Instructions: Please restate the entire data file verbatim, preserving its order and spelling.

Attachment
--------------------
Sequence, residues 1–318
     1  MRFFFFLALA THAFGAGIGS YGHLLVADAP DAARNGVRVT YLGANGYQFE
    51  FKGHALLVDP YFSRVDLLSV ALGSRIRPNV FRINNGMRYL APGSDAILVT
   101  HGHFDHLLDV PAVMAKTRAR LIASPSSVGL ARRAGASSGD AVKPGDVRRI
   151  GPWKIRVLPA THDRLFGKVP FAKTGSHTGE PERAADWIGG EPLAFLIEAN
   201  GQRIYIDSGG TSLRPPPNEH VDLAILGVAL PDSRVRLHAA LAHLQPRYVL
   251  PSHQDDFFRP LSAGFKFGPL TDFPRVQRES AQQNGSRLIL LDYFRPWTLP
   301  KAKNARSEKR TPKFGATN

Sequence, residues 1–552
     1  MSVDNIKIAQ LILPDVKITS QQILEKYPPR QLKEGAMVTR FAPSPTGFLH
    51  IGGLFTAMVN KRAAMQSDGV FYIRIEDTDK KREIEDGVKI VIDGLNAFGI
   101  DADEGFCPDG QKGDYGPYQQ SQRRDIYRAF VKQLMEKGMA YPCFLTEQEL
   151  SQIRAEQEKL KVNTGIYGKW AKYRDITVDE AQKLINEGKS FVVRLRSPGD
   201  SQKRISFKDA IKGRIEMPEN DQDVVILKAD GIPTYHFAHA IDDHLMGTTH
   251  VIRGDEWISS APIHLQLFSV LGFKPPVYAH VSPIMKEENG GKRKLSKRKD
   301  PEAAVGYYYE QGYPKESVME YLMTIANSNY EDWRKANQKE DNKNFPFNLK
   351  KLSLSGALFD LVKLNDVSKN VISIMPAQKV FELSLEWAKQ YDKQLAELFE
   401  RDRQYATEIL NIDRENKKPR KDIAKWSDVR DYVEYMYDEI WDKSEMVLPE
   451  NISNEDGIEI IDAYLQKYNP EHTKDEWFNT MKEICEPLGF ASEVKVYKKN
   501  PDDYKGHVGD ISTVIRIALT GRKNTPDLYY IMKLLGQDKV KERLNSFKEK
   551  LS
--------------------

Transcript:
Sequence, residues 1–318
     1  MRFFFFLALA THAFGAGIGS YGHLLVADAP DAARNGVRVT YLGANGYQFE
    51  FKGHALLVDP YFSRVDLLSV ALGSRIRPNV FRINNGMRYL APGSDAILVT
   101  HGHFDHLLDV PAVMAKTRAR LIASPSSVGL ARRAGASSGD AVKPGDVRRI
   151  GPWKIRVLPA THDRLFGKVP FAKTGSHTGE PERAADWIGG EPLAFLIEAN
   201  GQRIYIDSGG TSLRPPPNEH VDLAILGVAL PDSRVRLHAA LAHLQPRYVL
   251  PSHQDDFFRP LSAGFKFGPL TDFPRVQRES AQQNGSRLIL LDYFRPWTLP
   301  KAKNARSEKR TPKFGATN

Sequence, residues 1–552
     1  MSVDNIKIAQ LILPDVKITS QQILEKYPPR QLKEGAMVTR FAPSPTGFLH
    51  IGGLFTAMVN KRAAMQSDGV FYIRIEDTDK KREIEDGVKI VIDGLNAFGI
   101  DADEGFCPDG QKGDYGPYQQ SQRRDIYRAF VKQLMEKGMA YPCFLTEQEL
   151  SQIRAEQEKL KVNTGIYGKW AKYRDITVDE AQKLINEGKS FVVRLRSPGD
   201  SQKRISFKDA IKGRIEMPEN DQDVVILKAD GIPTYHFAHA IDDHLMGTTH
   251  VIRGDEWISS APIHLQLFSV LGFKPPVYAH VSPIMKEENG GKRKLSKRKD
   301  PEAAVGYYYE QGYPKESVME YLMTIANSNY EDWRKANQKE DNKNFPFNLK
   351  KLSLSGALFD LVKLNDVSKN VISIMPAQKV FELSLEWAKQ YDKQLAELFE
   401  RDRQYATEIL NIDRENKKPR KDIAKWSDVR DYVEYMYDEI WDKSEMVLPE
   451  NISNEDGIEI IDAYLQKYNP EHTKDEWFNT MKEICEPLGF ASEVKVYKKN
   501  PDDYKGHVGD ISTVIRIALT GRKNTPDLYY IMKLLGQDKV KERLNSFKEK
   551  LS